What Is Dysmenorrhea And How Can I Deal With It?
Dysmenorrhea is a medical condition that involves painful menstrual periods. Learn more about this common condition and what you can do if you have it.
Do you dread your periods because they are associated with mild to severe pain? Do you spend a lot of time curled up in bed or doubled over with cramps every time “Aunt Flo” comes to visit? If so, you’re probably dealing with the effects of primary dysmenorrhea. If you’re wondering, “What is dysmenorrhea?” you’ll be interested to know that this common condition is estimated to affect as many as 90% of women!
Primary dysmenorrhea is a condition that is typified by painful menstruation and cramps. It is a very common cause of missing school or work. It can also lead to a reduced quality of life. Dysmenorrhea often overlaps with premenstrual syndrome. Though some of us may think we’re doomed to experience painful menstrual periods, there are steps we can take to decrease our pain each month. Let’s talk about the things we can do to reduce our menstrual cramps and increase our quality of life.
What Is Dysmenorrhea?
There are two types of dysmenorrhea: primary and secondary. Primary dysmenorrhea is caused by the menstruation process itself instead of some other disease. Painful uterine contractions that occur right before or during menstruation are often due to primary dysmenorrhea.
Typically, females begin to experience primary dysmenorrhea when they’re still adolescents and their journey to womanhood has just begun. For some, menstrual cramps stay in the mild to moderate range or are only present off and on for one or two days during their period. For others, period pain is severe, persistent, and accompanied by a heavy menstrual flow.
The sad thing about primary dysmenorrhea is that it is drastically underdiagnosed (and thus undertreated). That means there are millions of women and girls who are suffering from intense period pain right now and don’t know what to do about it. But we want to change that, one woman at a time!
Secondary dysmenorrhea is due to some physical cause other than menstruation. Women who experience secondary menstruation have some type of underlying condition causing their pelvic pain. Some of the most common underlying causes for secondary dysmenorrhea include endometriosis, uterine fibroids, pelvic inflammatory disease, abnormal pregnancies (such as ectopic pregnancies or miscarriages), and infections or polyps in the pelvic cavity.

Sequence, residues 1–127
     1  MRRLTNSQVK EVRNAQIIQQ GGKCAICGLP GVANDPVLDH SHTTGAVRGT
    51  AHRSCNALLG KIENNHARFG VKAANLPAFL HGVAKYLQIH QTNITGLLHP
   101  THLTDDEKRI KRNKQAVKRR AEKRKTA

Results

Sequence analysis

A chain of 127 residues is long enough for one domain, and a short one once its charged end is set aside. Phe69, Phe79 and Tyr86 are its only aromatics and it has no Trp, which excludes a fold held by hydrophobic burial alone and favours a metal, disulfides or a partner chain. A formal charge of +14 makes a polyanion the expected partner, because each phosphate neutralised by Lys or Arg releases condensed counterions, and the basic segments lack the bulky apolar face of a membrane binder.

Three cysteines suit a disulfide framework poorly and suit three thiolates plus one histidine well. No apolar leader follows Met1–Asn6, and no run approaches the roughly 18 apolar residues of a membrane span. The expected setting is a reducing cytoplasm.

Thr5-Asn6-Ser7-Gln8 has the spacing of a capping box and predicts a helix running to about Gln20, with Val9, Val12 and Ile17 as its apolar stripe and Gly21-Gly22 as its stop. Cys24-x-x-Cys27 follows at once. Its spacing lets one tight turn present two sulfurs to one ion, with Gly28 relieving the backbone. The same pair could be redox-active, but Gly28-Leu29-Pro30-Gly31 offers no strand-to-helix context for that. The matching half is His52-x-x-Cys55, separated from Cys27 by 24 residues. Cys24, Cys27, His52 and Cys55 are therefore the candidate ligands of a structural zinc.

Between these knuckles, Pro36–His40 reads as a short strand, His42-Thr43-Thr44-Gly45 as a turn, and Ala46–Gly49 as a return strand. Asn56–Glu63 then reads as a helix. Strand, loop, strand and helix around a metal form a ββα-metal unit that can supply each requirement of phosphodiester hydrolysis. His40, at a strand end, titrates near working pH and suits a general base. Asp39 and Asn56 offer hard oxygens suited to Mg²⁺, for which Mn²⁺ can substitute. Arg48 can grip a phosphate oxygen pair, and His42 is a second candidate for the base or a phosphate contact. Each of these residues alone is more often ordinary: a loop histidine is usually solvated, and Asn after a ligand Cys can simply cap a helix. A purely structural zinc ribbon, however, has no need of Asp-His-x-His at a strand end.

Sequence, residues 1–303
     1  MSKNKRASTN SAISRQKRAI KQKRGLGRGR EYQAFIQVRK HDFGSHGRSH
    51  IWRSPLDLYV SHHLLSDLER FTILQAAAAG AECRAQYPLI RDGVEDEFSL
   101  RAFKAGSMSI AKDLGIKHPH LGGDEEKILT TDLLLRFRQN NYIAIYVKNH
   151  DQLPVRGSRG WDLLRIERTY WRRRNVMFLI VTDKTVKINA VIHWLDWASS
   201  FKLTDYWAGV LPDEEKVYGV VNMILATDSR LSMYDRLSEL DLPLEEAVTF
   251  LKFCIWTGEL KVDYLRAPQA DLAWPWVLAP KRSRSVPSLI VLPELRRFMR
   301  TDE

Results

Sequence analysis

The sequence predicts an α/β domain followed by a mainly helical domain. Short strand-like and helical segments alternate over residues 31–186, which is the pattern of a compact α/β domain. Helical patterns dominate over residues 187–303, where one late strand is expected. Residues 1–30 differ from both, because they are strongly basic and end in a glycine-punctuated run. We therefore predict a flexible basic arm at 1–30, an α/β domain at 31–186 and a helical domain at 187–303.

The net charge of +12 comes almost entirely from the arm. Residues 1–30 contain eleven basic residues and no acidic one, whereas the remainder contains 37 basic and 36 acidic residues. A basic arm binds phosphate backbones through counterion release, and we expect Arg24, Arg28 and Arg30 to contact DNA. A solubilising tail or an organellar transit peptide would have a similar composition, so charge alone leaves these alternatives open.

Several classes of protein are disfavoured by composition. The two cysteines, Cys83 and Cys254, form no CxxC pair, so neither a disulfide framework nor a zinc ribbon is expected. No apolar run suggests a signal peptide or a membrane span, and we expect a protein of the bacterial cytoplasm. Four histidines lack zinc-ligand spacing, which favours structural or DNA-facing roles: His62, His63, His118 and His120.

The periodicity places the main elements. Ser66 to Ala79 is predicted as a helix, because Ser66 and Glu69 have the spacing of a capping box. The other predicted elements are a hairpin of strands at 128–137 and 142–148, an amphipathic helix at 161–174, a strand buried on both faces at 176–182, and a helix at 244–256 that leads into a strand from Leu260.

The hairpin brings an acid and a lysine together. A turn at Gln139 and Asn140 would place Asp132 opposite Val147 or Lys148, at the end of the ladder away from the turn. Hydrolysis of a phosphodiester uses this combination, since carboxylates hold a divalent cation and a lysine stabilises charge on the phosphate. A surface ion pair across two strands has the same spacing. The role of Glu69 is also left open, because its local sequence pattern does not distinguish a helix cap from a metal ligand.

Do All Women Experience Menstrual Cramps?
Not all women experience painful cramps, though women who have no period pain at all are probably rarer than unicorns. Remember that as many as 90% of women experience primary dysmenorrhea at some point in their lives, which means that most women experience menstrual cramps to some degree.
Women with primary dysmenorrhea often experience decreased period cramps as they age. For some women, the severity of their monthly menstrual cramps improves significantly after giving birth to their first baby.
What Are the Causes of Dysmenorrhea?
We briefly mentioned some of the things that can cause secondary dysmenorrhea (including endometriosis, abnormal pregnancies, and pelvic inflammatory disease). But what causes primary dysmenorrhea?
Researchers are still trying to understand why some women experience severe pain during their periods while others seem to skate through their menstrual cycles with ease. Evidence suggests that women with primary dysmenorrhea have an imbalance of the hormone-like chemical called prostaglandin. This is the chemical that controls how and when the uterus contracts.
When prostaglandin levels are too high, the result is often severe cramps. By bringing this chemical into balance along with the other important female hormones, you may be able to reduce your period pain every month.
Other risk factors for intense menstrual cramping include:
- Just starting your period
- Heavy menstrual bleeding
- Being under the age of 20
- Being a heavy smoker or drinker
- Being overweight